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M31 - First Light with SW 80ED and VX mount


Space Ranger
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It was a case of 4th time lucky for setting up to do some astrophotography with my newly acquired kit. All previous attempts after dark had seen clouds (& in some cases rain!) cause me to stop at various stages of alignment and set-up. Even my fourth attempt was not without incident - clear skies for the few hours of "darkness" were forecast, but just as I had accurately aligned the scope and hooked up the camera I looked up to see the sky filling with cloud. I was determined not to be defeated so 30 minutes and a light shower of rain later saw the skies clear. Game on!

My previous scope required manual pointing at targets, so I was very impressed that the GOTO on this new mount worked a dream and was easy to use. I got a bit carried away initally with new toy syndrome, and like a kid in a sweet shop jumped excitedly from one object to the next taking a quick snap of each before moving on. It was less of a Messier marathon and more like a short Messier sprint! I had great fun seeing how much detail single 30-90s exposures of familiar objects could produce. Several planetary nebula, galaxies, open and globular clusters, a nova and a supernova later, I had reached an old favourite - M31.........

post-23986-0-43935200-1377042354_thumb.j

I could see a great deal more detail in it's dust lanes than I'd ever captured before. This image is a single 90s exposure at ISO3200 - a bit noisy, but pleasing nonetheless [note I converted it to greyscale as I was having problems removing the colour cast from light pollution - practice & patience needed with post processing me thinks].

Once I figure out what I'm doing wrong with DSS (getting fuzzy output) I'll find out how much a difference it makes to the final output to stack extra exposures.

I'm most impressed with the quality of the new kit used thus far and can't wait for the clouds to disappear for a few hours again.

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Can I ask a bit of an odd question? When you image Andromeda and do an exposure, is it clearly visible when you view the image on your camera screen or is it something that only really comes out when you process the image?

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Can I ask a bit of an odd question? When you image Andromeda and do an exposure, is it clearly visible when you view the image on your camera screen or is it something that only really comes out when you process the image?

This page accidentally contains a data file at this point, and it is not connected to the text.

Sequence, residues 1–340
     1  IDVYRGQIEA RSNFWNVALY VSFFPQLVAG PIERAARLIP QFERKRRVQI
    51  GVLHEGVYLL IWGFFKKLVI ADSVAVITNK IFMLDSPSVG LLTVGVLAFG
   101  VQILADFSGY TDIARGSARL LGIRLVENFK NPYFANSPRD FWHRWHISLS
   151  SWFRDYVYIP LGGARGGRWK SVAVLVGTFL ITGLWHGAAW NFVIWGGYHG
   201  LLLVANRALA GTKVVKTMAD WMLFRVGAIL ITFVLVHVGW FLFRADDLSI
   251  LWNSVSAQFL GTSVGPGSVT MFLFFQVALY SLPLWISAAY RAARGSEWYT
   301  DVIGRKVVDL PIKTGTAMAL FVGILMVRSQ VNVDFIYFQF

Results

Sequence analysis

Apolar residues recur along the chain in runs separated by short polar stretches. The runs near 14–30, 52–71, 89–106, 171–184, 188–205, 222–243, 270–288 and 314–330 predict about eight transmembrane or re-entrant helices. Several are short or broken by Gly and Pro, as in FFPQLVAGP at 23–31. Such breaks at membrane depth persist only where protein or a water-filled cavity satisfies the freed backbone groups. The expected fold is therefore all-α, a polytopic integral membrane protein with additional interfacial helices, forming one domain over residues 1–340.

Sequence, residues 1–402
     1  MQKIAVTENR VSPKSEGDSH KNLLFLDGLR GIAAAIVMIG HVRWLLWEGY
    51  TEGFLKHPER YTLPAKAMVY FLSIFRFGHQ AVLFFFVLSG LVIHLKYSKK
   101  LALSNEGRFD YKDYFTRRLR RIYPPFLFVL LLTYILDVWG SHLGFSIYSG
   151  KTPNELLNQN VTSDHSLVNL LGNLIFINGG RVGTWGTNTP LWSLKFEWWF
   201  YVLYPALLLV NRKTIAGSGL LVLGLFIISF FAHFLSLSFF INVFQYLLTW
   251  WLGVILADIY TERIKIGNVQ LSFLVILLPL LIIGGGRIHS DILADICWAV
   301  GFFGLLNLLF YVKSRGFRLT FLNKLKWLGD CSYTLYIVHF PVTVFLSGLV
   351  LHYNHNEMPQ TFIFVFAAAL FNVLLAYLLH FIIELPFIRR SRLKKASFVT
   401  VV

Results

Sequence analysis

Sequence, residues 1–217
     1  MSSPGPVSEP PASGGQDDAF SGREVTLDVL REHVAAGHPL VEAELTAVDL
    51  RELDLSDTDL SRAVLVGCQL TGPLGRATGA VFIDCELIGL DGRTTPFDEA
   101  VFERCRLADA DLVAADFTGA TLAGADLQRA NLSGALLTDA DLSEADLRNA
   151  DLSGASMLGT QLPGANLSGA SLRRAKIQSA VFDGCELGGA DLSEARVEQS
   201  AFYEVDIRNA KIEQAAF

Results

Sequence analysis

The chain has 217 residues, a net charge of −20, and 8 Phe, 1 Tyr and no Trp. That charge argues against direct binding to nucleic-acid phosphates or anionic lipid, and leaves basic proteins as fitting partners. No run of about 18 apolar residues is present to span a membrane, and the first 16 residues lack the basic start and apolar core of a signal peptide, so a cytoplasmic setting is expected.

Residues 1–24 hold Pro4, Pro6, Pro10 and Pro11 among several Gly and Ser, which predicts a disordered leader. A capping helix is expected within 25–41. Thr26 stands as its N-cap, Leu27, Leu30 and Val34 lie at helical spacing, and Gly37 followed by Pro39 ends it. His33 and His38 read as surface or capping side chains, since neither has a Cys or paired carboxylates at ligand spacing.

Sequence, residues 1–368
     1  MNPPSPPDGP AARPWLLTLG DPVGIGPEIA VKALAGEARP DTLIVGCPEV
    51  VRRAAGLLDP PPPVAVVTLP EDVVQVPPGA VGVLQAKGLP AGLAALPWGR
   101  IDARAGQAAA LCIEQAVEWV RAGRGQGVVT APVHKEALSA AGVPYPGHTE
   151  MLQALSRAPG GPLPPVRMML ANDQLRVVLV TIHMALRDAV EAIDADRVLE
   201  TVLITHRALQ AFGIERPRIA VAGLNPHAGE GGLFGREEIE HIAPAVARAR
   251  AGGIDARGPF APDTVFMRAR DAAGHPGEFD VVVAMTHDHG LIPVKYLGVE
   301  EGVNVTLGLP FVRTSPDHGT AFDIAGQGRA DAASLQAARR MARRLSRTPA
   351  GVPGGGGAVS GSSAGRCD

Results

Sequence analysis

I'd say the latter!

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Have you considered an LP filter?

My images were orange until I started using one. Apparently you can process out LP but frankly, I'm not good enough to do that yet. I purchased the well reviewed Hutech from FLO: http://www.firstlightoptics.com/light-pollution-reduction-imaging/hutech-idas-p2-light-pollution-suppression-filter.html

Saying that, I really really like it in B&W. Don't know why.

I take it you were out and about or what this from the garden?

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Thank you all for your kind comments. I'm glad you liked the photo.

Hi,

Thats a very impressive image for a 90sec exposure and the greyscale does give it an old world charm. You should probably try guiding with the finder of the 80ED. This will then increase the potential of your setup.

I'll probably try guiding at sometime in the future. For the moment though I'll just spend some time getting used to using the scopes and mount. I reckon that a dual mounting bar is probably all I need and I can swap between having the DSLR on either the 6" SCT or the SW 80ED and the ASI120MC as a guide scope on the other.

Very impressive!! Which camera is it?

Canon 650D DSLR - for the price, I'm quite impressed with it both for day and night time photography.

Can I ask a bit of an odd question? When you image Andromeda and do an exposure, is it clearly visible when you view the image on your camera screen or is it something that only really comes out when you process the image?

I could see the galaxy quite clearly (as a smudge) with the naked eye. I confess that I didn't take note of whether the galaxy was visible in the camera viewfinder or on live view. The GOTO was working so well that the scope was placing the target object bang in the centre of the camera frame every time.